BAGHDAD -- A senior U.S. trade official says Iraq is making "steady progress" in its efforts to join the World Trade Organization (WTO), RFE/RL's Radio Free Iraq reports.
Michael Delaney, the assistant U.S. trade representative for South Asia, told RFE/RL in Baghdad on February 12 that "the Iraqi government has done a lot on its WTO application process and [it] is pretty far advanced now."
He added that becoming a WTO member will bring "considerable [economic] benefits" to Iraq and would make it easier for U.S. companies to do business in the country.
Delaney said that "the claim that U.S. companies are less active in Iraq than companies from other countries" is false. He pointed out that "two major U.S. oil companies" and many other smaller companies are operating in the country.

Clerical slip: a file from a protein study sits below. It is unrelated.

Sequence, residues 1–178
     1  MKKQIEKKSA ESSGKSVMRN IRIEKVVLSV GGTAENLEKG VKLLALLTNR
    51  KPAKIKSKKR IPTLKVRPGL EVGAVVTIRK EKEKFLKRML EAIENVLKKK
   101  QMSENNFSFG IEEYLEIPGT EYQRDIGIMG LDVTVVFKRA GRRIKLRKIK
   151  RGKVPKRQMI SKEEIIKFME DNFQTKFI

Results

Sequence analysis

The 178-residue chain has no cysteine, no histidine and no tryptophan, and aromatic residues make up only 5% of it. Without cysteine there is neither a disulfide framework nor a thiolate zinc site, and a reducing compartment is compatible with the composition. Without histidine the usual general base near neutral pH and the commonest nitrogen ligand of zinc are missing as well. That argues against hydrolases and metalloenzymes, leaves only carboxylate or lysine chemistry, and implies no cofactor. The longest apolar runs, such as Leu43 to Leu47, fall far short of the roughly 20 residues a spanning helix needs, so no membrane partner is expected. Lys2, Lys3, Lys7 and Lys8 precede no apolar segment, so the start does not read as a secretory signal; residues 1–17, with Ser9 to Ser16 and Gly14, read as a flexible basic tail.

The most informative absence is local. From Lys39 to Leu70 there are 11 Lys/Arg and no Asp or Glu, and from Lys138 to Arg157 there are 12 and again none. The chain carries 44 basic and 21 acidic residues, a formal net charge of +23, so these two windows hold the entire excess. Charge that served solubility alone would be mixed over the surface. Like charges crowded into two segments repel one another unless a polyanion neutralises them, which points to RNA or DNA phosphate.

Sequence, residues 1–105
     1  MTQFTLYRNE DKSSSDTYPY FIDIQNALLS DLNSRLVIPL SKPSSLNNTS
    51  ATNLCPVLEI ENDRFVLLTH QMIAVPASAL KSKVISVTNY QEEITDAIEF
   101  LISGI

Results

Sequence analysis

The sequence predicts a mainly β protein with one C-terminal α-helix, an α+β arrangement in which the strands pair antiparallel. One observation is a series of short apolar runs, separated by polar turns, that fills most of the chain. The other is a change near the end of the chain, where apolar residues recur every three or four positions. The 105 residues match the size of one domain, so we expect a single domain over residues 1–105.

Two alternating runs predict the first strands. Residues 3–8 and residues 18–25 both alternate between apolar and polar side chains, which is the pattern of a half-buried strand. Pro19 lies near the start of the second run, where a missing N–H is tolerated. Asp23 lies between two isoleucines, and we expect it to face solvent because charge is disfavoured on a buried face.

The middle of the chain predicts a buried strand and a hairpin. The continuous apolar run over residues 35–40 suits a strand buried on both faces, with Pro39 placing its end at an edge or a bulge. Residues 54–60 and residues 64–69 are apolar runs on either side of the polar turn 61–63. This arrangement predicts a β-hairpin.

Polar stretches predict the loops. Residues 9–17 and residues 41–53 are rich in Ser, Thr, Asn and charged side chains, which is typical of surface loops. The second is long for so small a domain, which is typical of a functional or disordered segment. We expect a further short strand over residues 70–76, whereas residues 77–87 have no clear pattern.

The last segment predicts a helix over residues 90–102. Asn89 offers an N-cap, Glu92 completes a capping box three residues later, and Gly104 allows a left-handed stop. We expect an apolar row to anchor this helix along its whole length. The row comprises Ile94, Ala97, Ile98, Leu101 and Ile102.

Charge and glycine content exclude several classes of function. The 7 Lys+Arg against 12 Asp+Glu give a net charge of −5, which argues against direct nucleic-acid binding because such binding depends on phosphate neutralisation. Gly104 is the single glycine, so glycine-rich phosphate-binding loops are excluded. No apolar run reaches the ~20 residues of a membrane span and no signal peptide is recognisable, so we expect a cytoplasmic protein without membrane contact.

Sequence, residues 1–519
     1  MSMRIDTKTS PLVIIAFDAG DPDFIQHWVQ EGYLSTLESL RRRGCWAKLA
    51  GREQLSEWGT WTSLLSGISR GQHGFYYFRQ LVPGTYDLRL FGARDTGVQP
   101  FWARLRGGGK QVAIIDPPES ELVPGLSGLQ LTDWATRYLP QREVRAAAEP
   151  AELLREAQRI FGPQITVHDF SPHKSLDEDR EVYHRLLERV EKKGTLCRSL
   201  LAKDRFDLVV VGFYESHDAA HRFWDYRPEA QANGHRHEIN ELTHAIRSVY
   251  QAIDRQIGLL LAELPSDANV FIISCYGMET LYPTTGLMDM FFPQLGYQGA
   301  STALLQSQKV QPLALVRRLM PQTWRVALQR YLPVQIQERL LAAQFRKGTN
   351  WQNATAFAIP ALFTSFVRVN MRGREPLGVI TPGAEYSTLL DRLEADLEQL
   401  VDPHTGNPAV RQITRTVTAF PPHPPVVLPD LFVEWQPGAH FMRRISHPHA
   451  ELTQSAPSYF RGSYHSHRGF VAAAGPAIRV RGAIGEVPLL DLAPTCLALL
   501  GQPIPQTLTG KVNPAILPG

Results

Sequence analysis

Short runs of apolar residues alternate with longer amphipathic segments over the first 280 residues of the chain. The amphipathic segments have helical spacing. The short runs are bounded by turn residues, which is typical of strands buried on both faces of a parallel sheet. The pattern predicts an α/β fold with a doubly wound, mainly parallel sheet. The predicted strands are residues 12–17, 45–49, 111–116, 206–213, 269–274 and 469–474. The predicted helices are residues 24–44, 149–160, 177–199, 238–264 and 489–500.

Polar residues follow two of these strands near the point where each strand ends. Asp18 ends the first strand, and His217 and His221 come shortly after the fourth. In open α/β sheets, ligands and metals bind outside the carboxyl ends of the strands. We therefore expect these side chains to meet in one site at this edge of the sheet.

Delaney said that the Iraqi government's work in applying for WTO membership has been "long and arduous." He added that Baghdad's application is being treated the same as applications from other countries.
He recalled that Iraq was a founding member of the General Agreement on Tariffs and Trade, the precursor to the WTO, and, "if history had taken a different path," Iraq would have been a founding member of the WTO.
Delaney said progress in bilateral trade relations has been "uneven," but that there has been improvement "across the range of trade and investment issues...one of the things we are looking forward to is Iraq joining the WTO. We look forward to having in place a full range of trade and investment commercial laws, and we look forward to an updated modern labor law as well."
The WTO was established to supervise and liberalize trade between countries. It has 153 members.